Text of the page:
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So I have this question which is somewhat directed to people knowing a bit about translation surfaces. I am sure it is only a technical issue.

I consider $f : (\Sigma, \omega) \longrightarrow (\Sigma, \omega)$ an affine automorphism of $(\Sigma, \omega)$, that is who writes down as an element of $\mathrm{SL}(2, \mathbb{R}) \ltimes \mathbb{R}^2$ in coordinates charts. I assume that $f$ is not the identity. Is $f$ necessarily non-trivial in $\mathrm{MCG}(\Sigma)$ the mapping class group of $\Sigma$?

The question is actually can $f$ be isotopic to the identity? The natural way to tackle the question seems to me to look at the action of $f$ on the saddle connections. This way one easily proves that if $f$ (or a suitable power that fixes the singular points) is isotopic to the identity relatively to the set of singular points then it must be the identity (because the image of any saddle connection must be itself).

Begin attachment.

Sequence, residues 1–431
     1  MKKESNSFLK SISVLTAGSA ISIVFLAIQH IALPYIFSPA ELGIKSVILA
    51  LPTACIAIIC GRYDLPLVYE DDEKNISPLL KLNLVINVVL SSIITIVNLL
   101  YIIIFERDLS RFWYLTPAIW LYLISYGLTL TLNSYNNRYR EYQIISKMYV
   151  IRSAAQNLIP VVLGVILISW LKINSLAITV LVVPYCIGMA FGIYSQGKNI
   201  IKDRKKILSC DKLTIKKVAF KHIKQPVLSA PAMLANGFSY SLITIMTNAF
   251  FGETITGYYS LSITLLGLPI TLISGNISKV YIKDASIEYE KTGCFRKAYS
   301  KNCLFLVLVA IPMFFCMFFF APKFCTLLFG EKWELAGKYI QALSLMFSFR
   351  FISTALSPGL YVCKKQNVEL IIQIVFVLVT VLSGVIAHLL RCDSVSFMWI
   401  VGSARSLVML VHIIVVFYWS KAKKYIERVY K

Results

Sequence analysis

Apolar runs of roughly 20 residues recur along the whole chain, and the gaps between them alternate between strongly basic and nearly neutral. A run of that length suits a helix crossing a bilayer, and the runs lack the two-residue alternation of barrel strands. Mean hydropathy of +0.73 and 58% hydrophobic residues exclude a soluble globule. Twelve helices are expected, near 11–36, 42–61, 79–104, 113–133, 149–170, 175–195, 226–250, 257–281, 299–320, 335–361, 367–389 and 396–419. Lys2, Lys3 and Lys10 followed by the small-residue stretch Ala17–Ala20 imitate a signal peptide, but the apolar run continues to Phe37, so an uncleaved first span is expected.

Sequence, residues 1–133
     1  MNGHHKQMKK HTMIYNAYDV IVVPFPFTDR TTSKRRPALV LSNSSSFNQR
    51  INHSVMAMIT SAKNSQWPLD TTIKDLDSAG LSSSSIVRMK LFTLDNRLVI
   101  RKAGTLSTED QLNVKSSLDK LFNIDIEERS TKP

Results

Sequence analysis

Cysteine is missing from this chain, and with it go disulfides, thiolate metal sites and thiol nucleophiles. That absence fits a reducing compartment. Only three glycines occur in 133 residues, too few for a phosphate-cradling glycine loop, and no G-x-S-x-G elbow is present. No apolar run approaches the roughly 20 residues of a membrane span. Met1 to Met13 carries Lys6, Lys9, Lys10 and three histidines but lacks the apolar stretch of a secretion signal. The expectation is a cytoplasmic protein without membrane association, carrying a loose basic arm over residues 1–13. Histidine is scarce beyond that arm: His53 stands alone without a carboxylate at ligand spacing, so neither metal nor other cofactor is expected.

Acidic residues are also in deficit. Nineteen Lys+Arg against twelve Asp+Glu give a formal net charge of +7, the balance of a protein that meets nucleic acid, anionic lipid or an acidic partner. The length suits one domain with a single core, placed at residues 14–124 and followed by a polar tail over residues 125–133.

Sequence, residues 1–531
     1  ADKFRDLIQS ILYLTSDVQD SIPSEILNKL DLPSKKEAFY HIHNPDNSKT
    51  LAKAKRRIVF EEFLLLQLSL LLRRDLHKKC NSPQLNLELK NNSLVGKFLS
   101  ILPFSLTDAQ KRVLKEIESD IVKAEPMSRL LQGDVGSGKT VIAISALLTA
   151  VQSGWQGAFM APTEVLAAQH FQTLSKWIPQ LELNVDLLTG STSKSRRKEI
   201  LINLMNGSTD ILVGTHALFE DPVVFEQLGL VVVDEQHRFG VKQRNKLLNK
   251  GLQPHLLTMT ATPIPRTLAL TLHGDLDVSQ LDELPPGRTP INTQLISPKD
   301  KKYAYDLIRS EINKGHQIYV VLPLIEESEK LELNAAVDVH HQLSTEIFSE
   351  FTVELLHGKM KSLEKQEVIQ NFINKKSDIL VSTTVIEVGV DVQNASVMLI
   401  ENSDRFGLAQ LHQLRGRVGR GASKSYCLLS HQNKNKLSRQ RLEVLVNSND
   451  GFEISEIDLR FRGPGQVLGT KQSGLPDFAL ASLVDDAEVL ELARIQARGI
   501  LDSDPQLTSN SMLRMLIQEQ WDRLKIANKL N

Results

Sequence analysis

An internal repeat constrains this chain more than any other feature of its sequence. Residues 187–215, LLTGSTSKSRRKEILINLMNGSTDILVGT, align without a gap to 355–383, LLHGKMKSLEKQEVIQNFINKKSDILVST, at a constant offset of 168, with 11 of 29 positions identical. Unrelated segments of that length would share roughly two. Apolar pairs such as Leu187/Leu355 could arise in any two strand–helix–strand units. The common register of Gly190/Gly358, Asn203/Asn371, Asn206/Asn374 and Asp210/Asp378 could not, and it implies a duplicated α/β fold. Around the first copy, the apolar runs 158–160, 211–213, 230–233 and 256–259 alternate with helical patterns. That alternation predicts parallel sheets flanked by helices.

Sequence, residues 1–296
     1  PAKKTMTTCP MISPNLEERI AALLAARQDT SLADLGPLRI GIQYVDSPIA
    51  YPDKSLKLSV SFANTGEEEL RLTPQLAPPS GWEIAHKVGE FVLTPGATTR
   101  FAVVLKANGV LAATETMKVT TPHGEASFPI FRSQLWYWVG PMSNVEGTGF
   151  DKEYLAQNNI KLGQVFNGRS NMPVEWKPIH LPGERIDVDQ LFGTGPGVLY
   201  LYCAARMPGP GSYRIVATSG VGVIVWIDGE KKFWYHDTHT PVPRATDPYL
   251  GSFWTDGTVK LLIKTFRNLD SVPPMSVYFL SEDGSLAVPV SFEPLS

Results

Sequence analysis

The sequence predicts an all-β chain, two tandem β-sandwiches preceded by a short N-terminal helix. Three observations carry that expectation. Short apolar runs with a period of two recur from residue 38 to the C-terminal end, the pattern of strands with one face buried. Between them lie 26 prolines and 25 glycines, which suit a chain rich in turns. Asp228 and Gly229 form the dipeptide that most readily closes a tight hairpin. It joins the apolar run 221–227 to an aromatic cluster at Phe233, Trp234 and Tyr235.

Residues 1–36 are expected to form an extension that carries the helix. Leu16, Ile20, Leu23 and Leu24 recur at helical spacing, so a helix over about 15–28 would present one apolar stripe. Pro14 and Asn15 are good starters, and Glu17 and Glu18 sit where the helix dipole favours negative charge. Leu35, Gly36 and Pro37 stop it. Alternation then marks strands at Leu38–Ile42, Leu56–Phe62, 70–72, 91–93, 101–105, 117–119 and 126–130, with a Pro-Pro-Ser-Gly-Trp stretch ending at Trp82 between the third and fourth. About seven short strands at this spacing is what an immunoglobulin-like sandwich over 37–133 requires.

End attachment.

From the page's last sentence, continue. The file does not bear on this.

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The answer to your question is "yes, such a $f$ is non-trivial in $MCG(\Sigma)$".

Indeed, if the linear part of $f$ is non-trivial, this is Proposition 2.5 in Veech's paper (http://www.ams.org/mathscinet-getitem?mr=1005006).

If the linear part of $f$ is trivial (i.e., $f$ is an automorphism of a translation surface), this is a consequence of Lefschetz formula (as briefly explained at page 456 of my paper [http://w3.impa.br/~cmateus/files/matheus-yoccoz1.pdf] with Yoccoz, for instance) when the genus of $\Sigma$ is $>1$.

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